Hungry like the music lovin’ “wolves”

By Latifa Pelletier-Ahmed

A red sumptuous mouth with large lips like sex, reminiscent of the Rocky Horror Picture Show, birthing and consuming an eye of translucent blue dripping fluids of burning tears and saliva. This is the startling image gracing the cover of Montreal indie band Starvin Hungry’s latest CD. It causes lead guitarist and vocalist John Milchem to pause, before explaining it as “the desire for sensory overload.”

This is the philosophy lending itself to the band’s unique sound: Starvin Hungry is about bombarding their sonically starved audiences with an intense array of sounds from a variety of influences.

Loosely described as having a garage rock sound, Milchem reluctantly admits the influences of such bands as The Gories and other bands from the Detroit and New York punk rock scenes. However, as Milchem says, “Some people who are into garage rock don’t really like what we do. It’s not typical.”

On the other side of the spectrum you can also hear the influences of The Velvet Underground, The Jon Spencer Blues Explosion and even John Lee Hooker. These are groups Milchem claims have provided a lot of inspiration for the band.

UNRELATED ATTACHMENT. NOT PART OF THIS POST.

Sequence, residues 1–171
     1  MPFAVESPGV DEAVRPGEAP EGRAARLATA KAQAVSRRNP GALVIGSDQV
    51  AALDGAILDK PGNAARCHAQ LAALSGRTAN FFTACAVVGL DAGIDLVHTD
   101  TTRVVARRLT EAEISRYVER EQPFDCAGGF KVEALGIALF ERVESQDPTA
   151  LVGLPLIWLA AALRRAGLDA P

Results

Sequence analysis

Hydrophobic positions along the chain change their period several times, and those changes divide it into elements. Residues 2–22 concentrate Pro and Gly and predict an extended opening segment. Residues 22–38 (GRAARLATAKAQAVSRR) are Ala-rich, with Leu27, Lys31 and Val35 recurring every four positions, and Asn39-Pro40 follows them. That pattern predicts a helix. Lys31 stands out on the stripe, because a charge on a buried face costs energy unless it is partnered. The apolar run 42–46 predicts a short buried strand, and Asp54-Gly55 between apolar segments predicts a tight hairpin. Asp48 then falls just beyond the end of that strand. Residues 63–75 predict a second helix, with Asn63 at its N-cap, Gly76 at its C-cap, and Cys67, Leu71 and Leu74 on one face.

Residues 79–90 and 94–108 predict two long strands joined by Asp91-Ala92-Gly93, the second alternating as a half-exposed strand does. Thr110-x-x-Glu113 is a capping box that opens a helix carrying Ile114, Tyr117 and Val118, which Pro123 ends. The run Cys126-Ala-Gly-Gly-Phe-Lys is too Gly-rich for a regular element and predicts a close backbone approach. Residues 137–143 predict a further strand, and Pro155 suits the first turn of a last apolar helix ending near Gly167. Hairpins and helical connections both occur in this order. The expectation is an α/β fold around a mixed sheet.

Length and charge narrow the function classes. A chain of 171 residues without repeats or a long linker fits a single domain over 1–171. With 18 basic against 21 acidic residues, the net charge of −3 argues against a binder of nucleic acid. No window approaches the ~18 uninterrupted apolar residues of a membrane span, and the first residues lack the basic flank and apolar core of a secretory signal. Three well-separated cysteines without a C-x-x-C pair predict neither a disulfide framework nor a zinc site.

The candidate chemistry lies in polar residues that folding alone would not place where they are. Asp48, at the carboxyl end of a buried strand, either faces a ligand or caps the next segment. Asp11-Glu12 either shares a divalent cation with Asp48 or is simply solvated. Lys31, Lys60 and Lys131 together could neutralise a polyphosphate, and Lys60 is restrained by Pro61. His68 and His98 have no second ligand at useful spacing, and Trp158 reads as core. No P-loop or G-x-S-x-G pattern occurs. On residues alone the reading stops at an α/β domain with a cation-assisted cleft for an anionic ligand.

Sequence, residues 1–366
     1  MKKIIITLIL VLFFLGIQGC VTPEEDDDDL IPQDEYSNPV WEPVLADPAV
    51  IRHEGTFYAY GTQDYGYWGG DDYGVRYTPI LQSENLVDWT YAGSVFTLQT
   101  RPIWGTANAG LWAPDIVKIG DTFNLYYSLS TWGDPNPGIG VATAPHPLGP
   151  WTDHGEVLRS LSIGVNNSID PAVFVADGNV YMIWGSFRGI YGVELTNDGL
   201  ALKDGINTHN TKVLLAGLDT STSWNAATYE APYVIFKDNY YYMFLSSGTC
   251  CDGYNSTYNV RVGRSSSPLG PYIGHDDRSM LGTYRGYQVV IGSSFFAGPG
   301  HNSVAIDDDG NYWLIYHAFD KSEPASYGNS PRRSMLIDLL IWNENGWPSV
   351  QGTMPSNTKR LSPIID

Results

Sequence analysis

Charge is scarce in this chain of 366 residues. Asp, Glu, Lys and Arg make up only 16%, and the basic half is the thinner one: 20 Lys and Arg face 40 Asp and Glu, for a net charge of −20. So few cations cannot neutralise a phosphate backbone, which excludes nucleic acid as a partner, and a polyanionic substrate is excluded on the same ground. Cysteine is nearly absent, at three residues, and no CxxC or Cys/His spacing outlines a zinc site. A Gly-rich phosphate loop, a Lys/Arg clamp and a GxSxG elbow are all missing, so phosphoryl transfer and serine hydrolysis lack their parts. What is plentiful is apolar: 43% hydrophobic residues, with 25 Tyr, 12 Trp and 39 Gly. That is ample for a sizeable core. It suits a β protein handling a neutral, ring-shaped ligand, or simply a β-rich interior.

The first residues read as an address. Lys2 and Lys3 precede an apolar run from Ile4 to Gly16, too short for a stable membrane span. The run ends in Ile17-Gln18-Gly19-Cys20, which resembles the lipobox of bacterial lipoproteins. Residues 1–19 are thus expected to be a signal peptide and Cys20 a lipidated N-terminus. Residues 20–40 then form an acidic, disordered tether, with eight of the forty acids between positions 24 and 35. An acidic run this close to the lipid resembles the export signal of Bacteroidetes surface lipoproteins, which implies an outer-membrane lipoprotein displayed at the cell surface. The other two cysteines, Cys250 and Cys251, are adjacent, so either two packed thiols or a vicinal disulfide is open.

“They were people taking that blues format of music and doing something louder or just doing their own thing,” he says.

Starvin Hungry was truly birthed in the city of Montreal, becoming a quartet in 2002. (Although, Milchem notes, “I don’t know if we’re really a typical Montreal music scene band.”) This foursome was joined by Eric Larock from Tricky Woo, who helped produced their album Damnesty. Tricky Woo remains an influence of the band, but early in 2004, Larock rejoined Tricky Woo and was replaced by Dave Lavoie from Soft Canyon. It is these shifts, though, ultimately contributing to Starvin Hungry’s unique sound.

But Milchem is definitely following that idea and doing his own thing, regardless of the current trends or any sort of popularity contest. He shrugs, “I’m doing what I’ve always done.” You can hear that in his music, gritty and with no frills, while ultimately being just plain entertaining. “Shadows,” for example, illustrates a time in Milchem’s life when he was in a period of darkness. “It’s a typical blues song in the sense that it’s about having the blues.” You can hear the vague blues undertones that provide such a large inspiration for Milchem, but the overall intention is still clearly rock and roll.

In their new form Starvin Hungry is definitely a must see band. You can only get so much of who they are from their CD.

“If you wanted to get a more updated idea about what we are now you’d have to see us live.” says Milchem. Fortunately they have an upcoming show, where you can get your own taste of Starvin Hungry and what they’re all about. For they are sure to overload your senses.

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